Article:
Author URI: https://greentreemediallc.com
Template: Divi
Version: 1.0.0
License: GNU General Public License v2 or later
License URI: http://www.gnu.org/licenses/gpl-2.0.html
Tags: responsive-layout, one-column, two-columns, three-columns, four-columns, left-sidebar, right-sidebar, custom-background, custom-colors, featured-images, full-width-template, post-formats, rtl-language-support, theme-options\, translation-ready
Text Domain: divi-child-theme
*/

There are really only 2 lines that NEED to be in this section in order for the child theme to work correctly.

They are Theme Name and Template. You can completely omit the other lines if you’d like and the Child Theme should still function properly.

Theme name tells WordPress what the name of your theme is and this is what is displayed in the theme selector.

Template tells WordPress which theme is the parent theme. In this case, the parent is Divi.

Below this, you can write whatever custom CSS code you’d like to use to customize the Divi theme.

The Wrong Way

It’s important to note that there is an outdated way of creating a child theme that involved writing the following code in your style.css file:

/*
<pre>
@import url(../parent-theme/style.css);
</pre>
*/

In the above example, instead of ‘parent-theme’ you would write the name of the parent theme you were using.

This is an antiquated way of creating a child theme and should not be used as it could stop working in the future.

If you’re using a child theme which currently has that written in it’s style.css file, I recommend you remove that line. In the second (and final) file we’re going to create, we’ll correctly load in your parent theme’s style.

Create a file in your child theme folder called functions.php file. In this file paste the following:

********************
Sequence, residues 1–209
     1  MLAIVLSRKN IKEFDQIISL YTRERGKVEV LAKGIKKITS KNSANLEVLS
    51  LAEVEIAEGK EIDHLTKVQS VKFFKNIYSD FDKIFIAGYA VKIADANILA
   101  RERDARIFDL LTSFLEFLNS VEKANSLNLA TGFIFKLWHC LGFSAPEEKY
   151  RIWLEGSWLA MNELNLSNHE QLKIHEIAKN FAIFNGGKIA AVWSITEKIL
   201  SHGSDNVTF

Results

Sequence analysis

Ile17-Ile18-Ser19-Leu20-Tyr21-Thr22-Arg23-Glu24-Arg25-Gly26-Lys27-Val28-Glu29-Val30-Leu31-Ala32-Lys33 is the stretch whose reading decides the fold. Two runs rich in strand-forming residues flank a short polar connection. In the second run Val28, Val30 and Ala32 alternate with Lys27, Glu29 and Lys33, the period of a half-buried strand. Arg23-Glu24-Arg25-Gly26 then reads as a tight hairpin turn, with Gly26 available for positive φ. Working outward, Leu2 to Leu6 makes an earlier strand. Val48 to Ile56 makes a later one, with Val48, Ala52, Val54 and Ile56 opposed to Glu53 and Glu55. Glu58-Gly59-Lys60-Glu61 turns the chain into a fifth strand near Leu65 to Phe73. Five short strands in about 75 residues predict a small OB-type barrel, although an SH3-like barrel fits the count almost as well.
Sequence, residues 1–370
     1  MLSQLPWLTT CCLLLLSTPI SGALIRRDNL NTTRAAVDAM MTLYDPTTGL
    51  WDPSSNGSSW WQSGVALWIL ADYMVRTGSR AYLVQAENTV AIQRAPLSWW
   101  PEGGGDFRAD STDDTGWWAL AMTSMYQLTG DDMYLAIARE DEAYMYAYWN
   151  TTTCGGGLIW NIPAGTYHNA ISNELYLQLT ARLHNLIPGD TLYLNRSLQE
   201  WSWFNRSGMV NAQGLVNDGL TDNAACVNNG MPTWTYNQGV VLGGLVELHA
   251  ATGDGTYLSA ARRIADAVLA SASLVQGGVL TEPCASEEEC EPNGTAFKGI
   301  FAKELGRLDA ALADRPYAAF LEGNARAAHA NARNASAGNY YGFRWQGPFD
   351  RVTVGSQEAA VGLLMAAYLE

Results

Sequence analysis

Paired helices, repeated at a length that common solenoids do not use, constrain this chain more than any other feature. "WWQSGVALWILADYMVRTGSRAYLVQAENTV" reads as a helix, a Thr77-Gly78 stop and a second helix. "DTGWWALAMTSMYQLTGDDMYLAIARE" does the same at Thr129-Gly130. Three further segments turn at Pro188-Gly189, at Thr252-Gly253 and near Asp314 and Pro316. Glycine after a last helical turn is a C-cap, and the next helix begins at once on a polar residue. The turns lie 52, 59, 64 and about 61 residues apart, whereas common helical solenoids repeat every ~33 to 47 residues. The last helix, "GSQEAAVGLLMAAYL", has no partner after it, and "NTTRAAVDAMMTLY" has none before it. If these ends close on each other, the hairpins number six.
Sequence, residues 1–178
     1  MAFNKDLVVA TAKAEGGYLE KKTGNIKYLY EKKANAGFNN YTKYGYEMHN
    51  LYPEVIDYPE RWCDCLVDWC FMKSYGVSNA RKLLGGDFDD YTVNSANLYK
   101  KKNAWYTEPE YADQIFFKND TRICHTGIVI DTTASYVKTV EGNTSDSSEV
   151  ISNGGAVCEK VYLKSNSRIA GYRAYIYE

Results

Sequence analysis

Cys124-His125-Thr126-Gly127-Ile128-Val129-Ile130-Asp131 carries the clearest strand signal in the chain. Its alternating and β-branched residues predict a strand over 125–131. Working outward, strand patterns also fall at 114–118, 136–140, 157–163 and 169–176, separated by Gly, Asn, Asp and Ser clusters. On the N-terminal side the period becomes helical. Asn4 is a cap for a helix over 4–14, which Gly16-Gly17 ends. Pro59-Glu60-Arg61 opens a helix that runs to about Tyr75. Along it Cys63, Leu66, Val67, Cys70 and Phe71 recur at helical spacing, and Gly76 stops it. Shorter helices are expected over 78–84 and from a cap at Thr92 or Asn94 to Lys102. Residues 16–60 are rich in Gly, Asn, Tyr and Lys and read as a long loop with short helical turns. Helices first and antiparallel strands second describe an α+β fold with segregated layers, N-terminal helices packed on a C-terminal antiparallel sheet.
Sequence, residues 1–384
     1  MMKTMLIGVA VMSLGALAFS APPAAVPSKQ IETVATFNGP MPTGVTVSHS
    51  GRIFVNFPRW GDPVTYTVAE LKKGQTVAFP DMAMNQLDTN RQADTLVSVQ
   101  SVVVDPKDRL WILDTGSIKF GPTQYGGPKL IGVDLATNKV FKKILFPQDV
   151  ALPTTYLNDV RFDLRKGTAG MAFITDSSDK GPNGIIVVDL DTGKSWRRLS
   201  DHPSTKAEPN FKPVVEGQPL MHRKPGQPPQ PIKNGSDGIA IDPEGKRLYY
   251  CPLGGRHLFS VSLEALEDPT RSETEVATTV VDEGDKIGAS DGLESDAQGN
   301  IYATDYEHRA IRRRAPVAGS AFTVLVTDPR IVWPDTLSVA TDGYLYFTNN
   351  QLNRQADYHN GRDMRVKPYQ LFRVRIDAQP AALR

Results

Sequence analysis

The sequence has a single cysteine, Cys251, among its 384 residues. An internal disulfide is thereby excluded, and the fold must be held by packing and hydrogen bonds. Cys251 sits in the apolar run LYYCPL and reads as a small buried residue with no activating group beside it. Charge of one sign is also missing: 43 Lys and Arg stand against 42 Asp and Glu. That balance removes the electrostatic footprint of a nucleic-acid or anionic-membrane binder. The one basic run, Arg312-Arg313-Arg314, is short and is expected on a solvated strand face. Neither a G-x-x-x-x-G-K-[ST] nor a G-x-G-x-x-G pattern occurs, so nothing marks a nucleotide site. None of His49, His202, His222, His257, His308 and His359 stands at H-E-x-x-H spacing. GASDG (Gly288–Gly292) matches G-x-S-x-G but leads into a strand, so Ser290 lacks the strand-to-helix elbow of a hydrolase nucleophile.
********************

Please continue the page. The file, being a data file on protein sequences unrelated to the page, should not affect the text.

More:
/*
<pre>
<?php
function child_enqueue_styles() {
wp_enqueue_style( ‘parent-style’, get_template_directory_uri() . ‘/style.css’ );
wp_enqueue_style( ‘child-style’, get_stylesheet_directory_uri() . ‘/style.css’, array( parent-style ) );
}
add_action( ‘wp_enqueue_scripts’, child_enqueue_styles );
</pre>
*/

This will import your parent theme’s stylesheet into your child theme and then also import your custom style.css.

That’s all there is to it. Once you activate this theme, your custom styles should be active and you can add new additional styles to your child theme style.css file without worrying that an update will override custom code.

 

Download Free Divi Child Theme

To make things even easier, I’ve put together a free Divi child theme that’s ready to be installed on any website that’s already running the Divi theme.

To download the child theme, click the link here.

 

Alex Brinkman is the founder of Green Tree Media and prefers his coffee black. He can frequently be found hopping from coffee shop to coffee shop, hunting down reliable wifi connections like an urban Bear Grylls. When he isn’t coding up WordPress plugins to make the web a better place or completing client work, he enjoys competing in 5k obstacle course races. He also has a twin brother that looks nothing like him so you’ll likely never get them confused. Alex is also a sucker for a good motivational quote so feel free to send him your best quote via Twitter at @alexwbrinkman